When ESA came into being in 1975 one of its first objectives was to build a European launcher. The reason is simple: no launcher - no independent access to space - no space programme.
Although the Member States of ESA had different interests and priorities – some were particularly interested in carrying out research in space while others were more concerned in developing satellites – on one point they were unanimous.
Europe needed to have independent access to space and its own space programme. This meant that it must develop launchers and have its own spaceport.
What's in a name?
The first launcher project was known in French as Lanceur à Trois Etages de Substitution (LIIIS). At a meeting in 1977, ESA delegates were asked to come up with a new name. As the meeting took place on 1 August, Switzerland’s national day, two suggestions were Edelweiss and William Tell.
Other suggestions had their roots in Greek or Roman mythology and included Patience, Prometheus, Penelope, Phoenix and Ariane.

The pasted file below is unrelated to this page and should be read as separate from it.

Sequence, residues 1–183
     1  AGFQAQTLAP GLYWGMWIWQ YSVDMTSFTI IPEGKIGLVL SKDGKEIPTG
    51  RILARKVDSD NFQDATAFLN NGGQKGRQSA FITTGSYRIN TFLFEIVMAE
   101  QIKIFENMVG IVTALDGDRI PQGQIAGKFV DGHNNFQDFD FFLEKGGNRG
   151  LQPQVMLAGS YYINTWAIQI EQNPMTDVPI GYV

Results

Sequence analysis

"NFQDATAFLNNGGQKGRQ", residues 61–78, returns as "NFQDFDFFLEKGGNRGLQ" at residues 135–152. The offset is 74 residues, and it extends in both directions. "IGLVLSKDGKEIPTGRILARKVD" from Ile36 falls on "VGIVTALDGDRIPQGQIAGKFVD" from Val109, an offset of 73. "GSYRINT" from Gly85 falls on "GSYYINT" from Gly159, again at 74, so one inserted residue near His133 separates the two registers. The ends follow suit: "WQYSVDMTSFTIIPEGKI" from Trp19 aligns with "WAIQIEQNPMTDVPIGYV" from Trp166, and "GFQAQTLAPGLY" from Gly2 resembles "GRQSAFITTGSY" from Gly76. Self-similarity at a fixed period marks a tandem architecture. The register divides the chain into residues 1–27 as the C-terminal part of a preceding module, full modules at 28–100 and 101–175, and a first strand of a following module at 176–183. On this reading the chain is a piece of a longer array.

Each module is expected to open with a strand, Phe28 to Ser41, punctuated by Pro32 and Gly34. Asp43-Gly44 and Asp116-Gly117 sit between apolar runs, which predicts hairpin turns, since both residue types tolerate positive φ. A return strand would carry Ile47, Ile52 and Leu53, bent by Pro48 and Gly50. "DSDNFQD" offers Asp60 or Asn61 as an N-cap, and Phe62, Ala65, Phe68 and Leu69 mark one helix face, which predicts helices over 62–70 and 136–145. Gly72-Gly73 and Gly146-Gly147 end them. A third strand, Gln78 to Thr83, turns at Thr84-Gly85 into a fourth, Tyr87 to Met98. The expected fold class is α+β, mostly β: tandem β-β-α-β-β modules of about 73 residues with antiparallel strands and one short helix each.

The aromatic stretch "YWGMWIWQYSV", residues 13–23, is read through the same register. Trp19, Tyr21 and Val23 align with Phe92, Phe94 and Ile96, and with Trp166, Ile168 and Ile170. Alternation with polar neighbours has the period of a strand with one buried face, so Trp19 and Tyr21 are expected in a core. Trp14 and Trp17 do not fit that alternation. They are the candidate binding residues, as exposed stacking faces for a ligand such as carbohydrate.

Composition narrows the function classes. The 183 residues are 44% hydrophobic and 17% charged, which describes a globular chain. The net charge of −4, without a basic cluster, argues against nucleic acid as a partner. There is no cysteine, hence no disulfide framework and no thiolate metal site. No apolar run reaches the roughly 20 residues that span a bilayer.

The final choice was made on the French name Ariane, the Greek goddess called Ariadne in English, who gave Theseus the thread to help him find his way out of the Minotaur’s labyrinth.
Work on the first Ariane launcher began as early as 1974 using the then new technology of combining liquid oxygen and liquid hydrogen. The first flight was scheduled for 15 December 1979. On that eventful day, in front of a large and expectant audience, countdown started and the motor underneath the launcher lit - and then went out.
Fortunately the fault was not serious and the launch was rescheduled for 23 December, but then bad weather and a few small problems led to yet another delay.
The next attempt proved to be third time lucky. On 24 December, at 14:14 hours local time, Ariane 1 blasted into space from Europe’s Spaceport in Kourou, French Guiana. Europe’s independent adventure in space had begun.